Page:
If there was ever evidence to support the age-old adage that states any press is good press, it’s The Interview‘s eye-catching performance on VOD. Coming off the back of an unprecedented controversy that saw theater chains pull the film in light of terrorist threats, James Franco and Seth Rogen’s controversial flick was seemingly doomed to fail on all accounts.
But, buoyed by a group of advocates that helped the film see the light of day via VOD, the satire has exceeded expectations by pulling in $31 million since it arrived online back on December 24. That’s according to figures published by Deadline, who report that the flick has now pulled back a significant chunk of its initial budget — said to be $44 million — though there’s no doubting that the media attention surrounding it helped it to become one of the most, if not the most, topical film of the festive period.
Such a feat now positions The Interview as the number one online film of all time, according to Sony, which has prompted the studio to begin rolling out the film to theaters across UK and Ireland at the beginning of February. It’s an interesting turn of events, really, given that normal proceedings would have seen the same situation play out in reverse, with the movie debuting in theaters before becoming available on VOD services. And even though it was a consequence of a hacking attack that will go down in history, it may just change Hollywood studios’ perception on the platform as a whole.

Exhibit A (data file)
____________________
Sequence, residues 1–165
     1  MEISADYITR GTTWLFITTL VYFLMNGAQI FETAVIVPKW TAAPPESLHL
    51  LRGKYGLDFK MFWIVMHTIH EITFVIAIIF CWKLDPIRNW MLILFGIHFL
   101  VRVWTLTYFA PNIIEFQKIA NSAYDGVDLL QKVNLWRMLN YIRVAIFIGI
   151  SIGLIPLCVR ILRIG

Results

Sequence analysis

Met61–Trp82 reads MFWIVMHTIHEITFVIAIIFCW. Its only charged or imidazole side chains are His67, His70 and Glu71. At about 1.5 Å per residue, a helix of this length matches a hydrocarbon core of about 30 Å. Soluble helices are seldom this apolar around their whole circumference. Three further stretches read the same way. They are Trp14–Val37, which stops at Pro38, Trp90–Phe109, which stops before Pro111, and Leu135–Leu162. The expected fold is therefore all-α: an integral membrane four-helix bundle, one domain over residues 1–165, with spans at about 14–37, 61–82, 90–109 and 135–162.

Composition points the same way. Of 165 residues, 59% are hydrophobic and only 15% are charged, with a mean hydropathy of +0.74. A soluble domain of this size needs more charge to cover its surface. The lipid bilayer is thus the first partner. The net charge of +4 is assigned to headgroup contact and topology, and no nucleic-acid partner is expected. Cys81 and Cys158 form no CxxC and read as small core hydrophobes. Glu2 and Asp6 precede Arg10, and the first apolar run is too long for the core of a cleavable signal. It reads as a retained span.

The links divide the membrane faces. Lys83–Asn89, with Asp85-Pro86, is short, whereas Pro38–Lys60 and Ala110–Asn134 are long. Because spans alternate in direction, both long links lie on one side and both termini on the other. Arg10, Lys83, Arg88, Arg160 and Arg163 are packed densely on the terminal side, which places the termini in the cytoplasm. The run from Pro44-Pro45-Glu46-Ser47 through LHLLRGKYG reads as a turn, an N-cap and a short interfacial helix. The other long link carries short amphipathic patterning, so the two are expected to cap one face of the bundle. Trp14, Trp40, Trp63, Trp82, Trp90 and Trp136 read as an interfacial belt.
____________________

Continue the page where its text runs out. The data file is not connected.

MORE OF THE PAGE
Circling back to The Interview, however, and it’s likely that Rogen and Franco’s satire will pull back the majority of its budget sooner rather than later, even if it fails to pass the lofty prediction of a $100 million gross. But is the film really worth the hype? Well, our own review tells another story:
Rogen and Franco have an easy chemistry that never fails to entertain, but The Interview is the dumbest and least continuously funny film they’ve been involved with to date.